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1) Charlotte Brontë killed her sistersAnother literary story comes from BBC Culture, which looks into literary characters taking on lives of their own:
According to criminologist James Tully, the author of Jane Eyre was not the secluded, intellectual spinster we imagine, but a violently envious and lustful murderess. All was peaceful in the Brontë household, Tully says, until the 1845 appearance of a (debatably) handsome and wily curate named Reverend Arthur Bell Nicholls. Tully claims that Nicholls encouraged Charlotte’s already envious disposition, and together they poisoned each one of her siblings. Emily and Branwell (who another theory says wrote Emily’s Wuthering Heights) died in 1848 at ages 30 and 31 respectively. Anne died in 1849 at 29. The common conception is that they all contracted tuberculosis or cholera, but Tully, who is also an expert in 19th-century poison, is convinced that they were murdered. A few years later Charlotte’s father “angrily chased” Nicholls from their estate. Soon after that, Charlotte eloped with Nicholls, only to die a year later. Tully claims that it was Nicholls’s plan all along to inherit the Brontë estate, and thus Charlotte met the same bleak fate as her siblings. Tully originally wrote his theory as non-fiction, but was unable to find a publisher; so he retold the story as fiction from the point of view of real-life maid Martha Brown. His book, The Crimes of Charlotte Brontë, gained some recognition, but was generally rejected by Brontë enthusiasts. (Ema O'Connor)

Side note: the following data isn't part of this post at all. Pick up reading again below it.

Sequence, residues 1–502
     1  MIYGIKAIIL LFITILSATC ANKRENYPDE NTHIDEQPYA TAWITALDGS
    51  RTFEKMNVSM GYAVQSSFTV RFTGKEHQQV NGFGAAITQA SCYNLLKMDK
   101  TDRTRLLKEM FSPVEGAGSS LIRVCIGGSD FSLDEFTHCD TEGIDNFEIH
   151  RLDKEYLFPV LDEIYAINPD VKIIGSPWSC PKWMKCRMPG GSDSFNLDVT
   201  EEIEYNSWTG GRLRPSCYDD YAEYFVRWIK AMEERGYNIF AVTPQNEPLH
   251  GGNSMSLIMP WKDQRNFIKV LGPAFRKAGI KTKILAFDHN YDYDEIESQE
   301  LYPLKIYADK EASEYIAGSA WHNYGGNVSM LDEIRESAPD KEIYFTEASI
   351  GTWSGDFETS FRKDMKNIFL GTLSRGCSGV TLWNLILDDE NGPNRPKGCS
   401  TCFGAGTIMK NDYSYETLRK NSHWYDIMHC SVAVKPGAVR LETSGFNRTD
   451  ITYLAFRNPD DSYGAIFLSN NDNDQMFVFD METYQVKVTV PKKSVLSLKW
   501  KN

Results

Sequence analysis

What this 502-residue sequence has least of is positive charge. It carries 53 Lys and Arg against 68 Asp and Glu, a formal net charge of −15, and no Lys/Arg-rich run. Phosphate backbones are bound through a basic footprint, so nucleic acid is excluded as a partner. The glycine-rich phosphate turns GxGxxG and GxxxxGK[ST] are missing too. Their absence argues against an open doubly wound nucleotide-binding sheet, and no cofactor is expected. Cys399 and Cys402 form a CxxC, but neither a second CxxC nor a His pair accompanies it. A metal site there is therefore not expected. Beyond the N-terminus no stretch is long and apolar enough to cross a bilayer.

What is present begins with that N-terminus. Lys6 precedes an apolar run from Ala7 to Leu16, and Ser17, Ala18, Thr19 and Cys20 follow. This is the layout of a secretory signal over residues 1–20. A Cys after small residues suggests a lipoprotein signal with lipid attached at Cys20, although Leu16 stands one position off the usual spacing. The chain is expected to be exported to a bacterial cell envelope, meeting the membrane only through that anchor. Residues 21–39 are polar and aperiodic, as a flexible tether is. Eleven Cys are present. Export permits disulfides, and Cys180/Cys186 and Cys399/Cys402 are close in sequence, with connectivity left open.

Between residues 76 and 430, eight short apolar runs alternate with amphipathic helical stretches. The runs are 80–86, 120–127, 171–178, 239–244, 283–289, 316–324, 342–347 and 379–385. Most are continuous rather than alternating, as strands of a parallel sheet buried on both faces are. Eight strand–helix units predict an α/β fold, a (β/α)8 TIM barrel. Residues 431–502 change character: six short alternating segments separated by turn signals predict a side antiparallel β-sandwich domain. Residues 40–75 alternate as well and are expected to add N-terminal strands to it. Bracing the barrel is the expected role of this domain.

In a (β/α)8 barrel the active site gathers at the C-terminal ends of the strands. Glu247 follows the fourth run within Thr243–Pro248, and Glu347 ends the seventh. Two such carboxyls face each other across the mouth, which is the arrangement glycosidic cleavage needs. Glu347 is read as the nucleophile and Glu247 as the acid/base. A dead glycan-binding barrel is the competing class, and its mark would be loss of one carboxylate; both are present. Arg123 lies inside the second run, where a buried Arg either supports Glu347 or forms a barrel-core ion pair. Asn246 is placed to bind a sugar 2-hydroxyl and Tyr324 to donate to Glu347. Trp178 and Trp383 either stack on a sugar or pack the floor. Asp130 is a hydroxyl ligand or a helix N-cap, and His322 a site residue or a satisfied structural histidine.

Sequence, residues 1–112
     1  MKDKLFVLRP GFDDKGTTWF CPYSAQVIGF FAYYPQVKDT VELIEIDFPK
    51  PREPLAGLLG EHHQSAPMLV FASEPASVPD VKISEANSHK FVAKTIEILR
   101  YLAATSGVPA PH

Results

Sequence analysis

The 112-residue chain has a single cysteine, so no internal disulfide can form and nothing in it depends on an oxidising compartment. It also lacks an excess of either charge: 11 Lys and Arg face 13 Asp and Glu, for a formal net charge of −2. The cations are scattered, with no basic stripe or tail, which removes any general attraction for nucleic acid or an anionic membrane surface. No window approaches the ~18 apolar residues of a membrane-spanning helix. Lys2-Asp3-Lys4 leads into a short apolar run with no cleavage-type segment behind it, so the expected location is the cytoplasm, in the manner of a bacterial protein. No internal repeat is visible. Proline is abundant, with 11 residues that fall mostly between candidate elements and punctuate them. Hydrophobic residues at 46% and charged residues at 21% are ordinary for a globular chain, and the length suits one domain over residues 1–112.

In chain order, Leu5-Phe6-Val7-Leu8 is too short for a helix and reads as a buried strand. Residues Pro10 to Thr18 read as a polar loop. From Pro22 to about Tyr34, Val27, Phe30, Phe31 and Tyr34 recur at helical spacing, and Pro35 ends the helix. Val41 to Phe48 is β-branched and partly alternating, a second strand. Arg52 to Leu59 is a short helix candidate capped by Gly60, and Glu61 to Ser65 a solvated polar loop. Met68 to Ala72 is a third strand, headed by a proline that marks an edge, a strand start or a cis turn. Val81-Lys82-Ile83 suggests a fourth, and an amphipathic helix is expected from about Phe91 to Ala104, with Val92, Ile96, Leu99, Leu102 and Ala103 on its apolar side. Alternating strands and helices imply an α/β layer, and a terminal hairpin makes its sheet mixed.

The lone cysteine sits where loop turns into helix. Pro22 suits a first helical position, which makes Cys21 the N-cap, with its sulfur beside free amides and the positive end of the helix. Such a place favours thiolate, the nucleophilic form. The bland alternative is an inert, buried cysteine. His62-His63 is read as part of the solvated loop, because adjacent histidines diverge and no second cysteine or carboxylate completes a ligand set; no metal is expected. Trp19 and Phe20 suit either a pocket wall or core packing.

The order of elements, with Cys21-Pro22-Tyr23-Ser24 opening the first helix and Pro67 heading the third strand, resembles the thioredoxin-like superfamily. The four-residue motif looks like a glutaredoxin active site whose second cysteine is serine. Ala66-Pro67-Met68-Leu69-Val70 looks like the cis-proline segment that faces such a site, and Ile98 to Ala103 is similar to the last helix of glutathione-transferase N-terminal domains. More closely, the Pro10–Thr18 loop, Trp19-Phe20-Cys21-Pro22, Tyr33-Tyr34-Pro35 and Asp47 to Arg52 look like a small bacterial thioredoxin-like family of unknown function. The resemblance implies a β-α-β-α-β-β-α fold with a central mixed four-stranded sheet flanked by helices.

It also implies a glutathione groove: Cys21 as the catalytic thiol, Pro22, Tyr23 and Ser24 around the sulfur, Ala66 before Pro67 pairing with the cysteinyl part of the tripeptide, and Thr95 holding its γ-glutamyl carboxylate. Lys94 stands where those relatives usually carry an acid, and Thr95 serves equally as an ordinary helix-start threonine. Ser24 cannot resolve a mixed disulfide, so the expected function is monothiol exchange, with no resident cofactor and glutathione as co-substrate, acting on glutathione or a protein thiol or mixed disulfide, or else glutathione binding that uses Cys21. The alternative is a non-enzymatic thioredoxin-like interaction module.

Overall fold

And then of course there’s Jean Rhys’s The Wide Sargasso Sea, a slender, majestic depiction of the life of the first Mrs Rochester before she becomes the madwoman in the attic who terrifies Jane Eyre. (Hephzibah Anderson)Episode 10 of season 7 of Sons of Anarchy is called Faith and Despondency after the poem of the same name by Emily Brontë. International Business Times looks into what this may mean:
The episode titles usually tease what’s in store for the boys in leather and from the analysis of “Faith and Despondency,” things aren’t looking too good for Charming's finest. The 1846 poem, written by Emily Brontë, is a haunting piece of literature that surrounds the theme of death -- something we’ve seen a lot of in the past seven seasons of “SoA.”The Galway Advertiser announces the opening of the exhibition Physiognomy by local artist Michelle Campion by reminding us of the fact that,
But what makes Brontë’s work even more chilling is the reference she makes to a “sweet, trustful child” -- a correlation that can clearly be made to Abel (Ryder/Evan Londo).
“Well hast thou spoken, sweet, trustful child!Abel knows Gemma is the one responsible for murdering his stepmother and has recently witnessed the detrimental effects of her actions through the death of Bobby. The only question is what will Jax’s eldest son do with the information? Do you think Brontë’s poem is suggesting Abel’s innocence and truth will find a way to reach the raging war occurring in Charming? (Megan Schaefer)
And wiser than thy sire;
And worldly tempests, raging wild,
Shall strengthen thy desire—
Thy fervent hope, through storm and foam,
Through wind and ocean’s roar,
To reach, at last, the eternal home,
The steadfast, changeless shore!”
Physiognomy is the practice of judging character from facial features, an idea which dates back to Ancient Greece. The belief continued into the 19th century with Charles Dickens, Oscar Wilde, and Charlotte Brontë making character descriptions based on facial features.The Brontë Parsonage Blog has a post on a reader's visit to Ponden Hall. Dawn of Books reviews Wuthering Heights. Bust and Vox Talk recommend Mallory Ortberg's Texts from Jane Eyre.